Funeral homes dealing with rising COVID-19 deaths

Local funeral homes have had to adapt their practices to new safety procedures during the coronavirus pandemic at the same time they have seen the need for their services increase.

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“We’re a different kind of front line worker,” said Larry Glickler, who owns Glickler Funeral Home & Cremation Service in Dayton and has been a funeral director for about 45 years. “We’re taking care of the patient and the family after the death.”

He received two phone calls about people who had died from COVID-19 before 8 a.m. Thursday, in addition to the other deaths the funeral home was handling.

In October, the CDC reported nearly 300,000 excess deaths in the U.S. compared to the average number of people who died in recent years. About two-thirds of those deaths were counted as COVID-19 fatalities, indicating the pandemic was leading both directly and indirectly to deaths.

In Ohio, the CDC reports about 115,000 deaths from Feb. 1 to Dec. 12, which is about 107% of the number of deaths expected for that time frame compared to the average number of Ohio deaths across the same week in 2017–2019.

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For Bryan Westbrock, an owner at Westbrock Funeral Home in Dayton and Kettering, the increase in COVID-related deaths has been more noticeable in the past month.

“We didn’t see any cases in our funeral home in the first three or four months of the pandemic, but certainly here in the last month, it’s increased tremendously,” he said.

The noticeable increase at Routsong Funeral Home and Cremation Services in Centerville and Kettering came earlier, funeral director Sam Routsong said.

“Things really started increasing for us back in late September or early October … we’ve been experiencing a higher number of families than usual – even adjusted for seasonality, still today,” he added.

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In the early spring, “maybe we had one or two COVID cases” involving customers. But more recently, “I would say probably roughly a third of the families we’ve served have had COVID or actually passed from it,” Routsong said.

“We’re definitely busier. We’re working harder,” he added.

The number of COVID-19-related services and the impact it has had on funeral homes in Ohio varies depending on geography, Ohio Funeral Directors Association Executive Director Melissa Sullivan said.

“Because of the different surges in different areas of the state, some funeral homes have an increased number of families that they are meeting because of the increased deaths,” said Sullivan.

Through Thursday, the number of COVID-related deaths has been greatest in Cuyahoga (842), Franklin (693) Lucas (495), Summit (480) and Hamilton (401) counties, according to the Ohio Department of Health.

Montgomery ranked sixth (319), Butler was 10th (179), Clark was 11th (150), Warren 14th (101) and Greene 15th (100), ODH records show.

Safety precautions

Throughout the coronavirus pandemic, the OFDA has offered guidance to members providing services to meet families’ needs while doing so in a safe environment that protects customers and staff, she said.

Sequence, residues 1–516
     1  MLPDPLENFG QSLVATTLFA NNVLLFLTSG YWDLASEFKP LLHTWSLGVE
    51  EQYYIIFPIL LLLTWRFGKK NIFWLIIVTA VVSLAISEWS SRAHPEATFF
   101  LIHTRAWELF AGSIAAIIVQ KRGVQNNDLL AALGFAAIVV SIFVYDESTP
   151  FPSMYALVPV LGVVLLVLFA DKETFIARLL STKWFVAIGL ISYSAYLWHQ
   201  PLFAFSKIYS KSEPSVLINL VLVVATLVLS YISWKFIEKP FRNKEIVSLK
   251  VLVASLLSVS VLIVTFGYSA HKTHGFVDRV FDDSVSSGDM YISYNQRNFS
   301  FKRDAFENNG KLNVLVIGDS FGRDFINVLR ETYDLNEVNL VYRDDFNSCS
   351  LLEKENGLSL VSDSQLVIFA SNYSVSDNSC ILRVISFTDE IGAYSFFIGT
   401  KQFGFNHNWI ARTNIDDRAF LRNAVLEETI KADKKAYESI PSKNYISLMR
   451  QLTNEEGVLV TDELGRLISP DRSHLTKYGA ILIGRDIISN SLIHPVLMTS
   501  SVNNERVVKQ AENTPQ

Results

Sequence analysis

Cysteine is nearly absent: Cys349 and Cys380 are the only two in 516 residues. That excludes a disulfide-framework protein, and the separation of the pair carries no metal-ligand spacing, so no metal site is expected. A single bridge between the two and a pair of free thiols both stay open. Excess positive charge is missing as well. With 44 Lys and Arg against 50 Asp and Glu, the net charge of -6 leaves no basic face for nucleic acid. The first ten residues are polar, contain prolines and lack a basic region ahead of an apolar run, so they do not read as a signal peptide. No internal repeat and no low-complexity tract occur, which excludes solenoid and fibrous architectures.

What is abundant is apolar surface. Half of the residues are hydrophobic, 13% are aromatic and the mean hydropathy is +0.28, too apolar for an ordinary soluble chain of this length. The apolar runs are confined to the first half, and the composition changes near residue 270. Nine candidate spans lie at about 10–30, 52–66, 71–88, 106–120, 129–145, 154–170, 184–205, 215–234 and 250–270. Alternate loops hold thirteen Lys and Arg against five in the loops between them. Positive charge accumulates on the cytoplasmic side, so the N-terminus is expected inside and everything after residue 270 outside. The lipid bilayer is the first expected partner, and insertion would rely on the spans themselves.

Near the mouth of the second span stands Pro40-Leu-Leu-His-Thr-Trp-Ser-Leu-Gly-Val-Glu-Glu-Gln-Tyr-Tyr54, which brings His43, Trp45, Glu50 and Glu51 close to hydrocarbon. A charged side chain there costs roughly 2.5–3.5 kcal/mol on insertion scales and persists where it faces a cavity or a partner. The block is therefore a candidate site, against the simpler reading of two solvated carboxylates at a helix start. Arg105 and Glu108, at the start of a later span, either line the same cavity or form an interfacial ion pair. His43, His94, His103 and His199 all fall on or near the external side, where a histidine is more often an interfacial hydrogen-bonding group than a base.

Social distancing, mask-wearing and sanitation are stressed, Sullivan said.

A designated entrance and another for exits have been recommended where possible, Sullivan said, to avoid close contact.

Funerals and churches have been exempted from Ohio Gov. Mike DeWine’s limiting of gatherings to 10 people, according to Sullivan.

“But certainly our members have adopted what’s best for themselves and their community,” she said.

And families often voluntarily limit the number of guests or choose other alternatives, officials said.

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Service options

Outdoor events or livestreaming options have also become more popular as fewer people attend indoor services, Routsong said.

He estimates 90% of families in recent months have chosen a livestream option, up from about two in 10 from the same time last year.

“Realistically, it’s probably something that we should have been offering sooner, because before COVID there were difficulties with families being across the country or even in another country,” he said.

“It’s probably sped up something that we should have been doing all along,” Routsong added.

Cremations have also increased, Westbrock said.

Jed Dunnichay, funeral director for Newcomer Cremations, Funerals & Receptions in Centerville, said the way people grieve initially shifted because of the pandemic, but now many of the families his business serves are opting for traditional services again.

“We are seeing more and more families opting for services and ceremonies to celebrate the lives of the family members that they have lost,” he said.

But he said they also have the staff and space to adequately serve their families, even though they are working much longer hours.

Funeral homes, Sullivan said, have “tried to modify or adapt their typical services or arrangements and how they do care for the individual – for the decedents as well as the family and the public in keeping everybody safe in the process.”